How do you feel the learning opportunities differ for analysts in transactions vs. operations. My goal is to learn as much as I can during the first few years, and then leverage my knowledge after that. Given this, would working in asset management/strategy be the areas that I should focus on?

Thanks in advance! (I too feel that we need a lot more RE on the site)

Apr 23, 2013
RealAnalysis:

I'm not sure if I like real estate, or rather, like the "idea" of real estate. I've had quite a bit of real estate coursework in college (Minored in RE) and thoroughly enjoyed it, but no direct work experience. Besides trying to get staffed on real estate - related clients/projects, do you have any recommendations on how to get real-world experience?

Would joining the ULI (or similar groups) be useful for someone interested in RE, but working in a different industry?

How do you feel the learning opportunities differ for analysts in transactions vs. operations. My goal is to learn as much as I can during the first few years, and then leverage my knowledge after that. Given this, would working in asset management/strategy be the areas that I should focus on?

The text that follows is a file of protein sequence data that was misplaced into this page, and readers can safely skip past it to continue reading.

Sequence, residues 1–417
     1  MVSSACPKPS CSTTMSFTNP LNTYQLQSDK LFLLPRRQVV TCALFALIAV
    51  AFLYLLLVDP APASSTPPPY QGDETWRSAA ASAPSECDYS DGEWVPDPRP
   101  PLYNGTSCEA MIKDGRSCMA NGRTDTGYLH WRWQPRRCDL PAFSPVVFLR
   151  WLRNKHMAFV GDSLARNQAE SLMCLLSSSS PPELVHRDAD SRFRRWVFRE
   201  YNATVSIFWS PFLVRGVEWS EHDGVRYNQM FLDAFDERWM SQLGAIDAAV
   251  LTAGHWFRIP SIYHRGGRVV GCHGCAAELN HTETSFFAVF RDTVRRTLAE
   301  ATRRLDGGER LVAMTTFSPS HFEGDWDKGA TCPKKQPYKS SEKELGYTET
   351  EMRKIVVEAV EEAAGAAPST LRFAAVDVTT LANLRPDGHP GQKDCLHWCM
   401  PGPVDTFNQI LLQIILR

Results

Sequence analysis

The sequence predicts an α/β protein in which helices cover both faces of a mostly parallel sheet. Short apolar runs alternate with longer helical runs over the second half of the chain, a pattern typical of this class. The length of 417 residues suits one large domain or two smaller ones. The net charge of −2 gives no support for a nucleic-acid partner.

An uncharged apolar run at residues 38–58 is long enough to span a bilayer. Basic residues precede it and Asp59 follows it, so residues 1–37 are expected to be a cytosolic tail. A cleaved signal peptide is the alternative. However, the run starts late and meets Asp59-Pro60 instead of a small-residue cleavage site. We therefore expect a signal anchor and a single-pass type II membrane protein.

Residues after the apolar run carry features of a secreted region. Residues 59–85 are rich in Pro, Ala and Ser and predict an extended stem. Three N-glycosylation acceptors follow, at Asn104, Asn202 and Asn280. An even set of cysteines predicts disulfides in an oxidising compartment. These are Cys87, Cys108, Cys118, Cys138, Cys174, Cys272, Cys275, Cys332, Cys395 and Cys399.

Thanks in advance! (I too feel that we need a lot more RE on the site)

What would you be looking to do in CRE? It's a different answer depending on what the endgame is. What I do is a lot different than what the guys here in REPE do. (Hopefully they do a AMA too!)

It never hurts to get involved though

Apr 23, 2013

If at all possible though, I don't want this to turn into an argument thread. For those reading, I'd take this as "different companies and markets have different ways of doing things." CRE is a lot less lockstep than banking, even in the same market.

Also, feel free to shoot me PM's

Apr 23, 2013

7 figure commissions might happen, but they are gross outliers. A good CRE broker is making $300-400k per year. One of the nation's top brokers is making 7 figures. The point I'm making is that you should be careful to not present a false picture of the industry. 80-90% of CRE brokers can't pay their rent. It's a tough gig.

Apr 23, 2013
DCDepository:

7 figure commissions might happen, but they are gross outliers. A good CRE broker is making $300-400k per year. One of the nation's top brokers is making 7 figures. The point I'm making is that you should be careful to not present a false picture of the industry. 80-90% of CRE brokers can't pay their rent. It's a tough gig.

On this we can agree for the most part (although I argue that there are more people making 7 figures annually than you think). I was more or less just trying to say "bigger markets pull bigger commissions"

The point DCDepository makes about most people flaming out is 100% true though.

Apr 23, 2013

have to agree - CMBS analyst here - have seen big liquidations - the brokers get flat fees when Trusts liquidate portfolios and we're talking BPS rather than full % - this was a $1B+ portfolio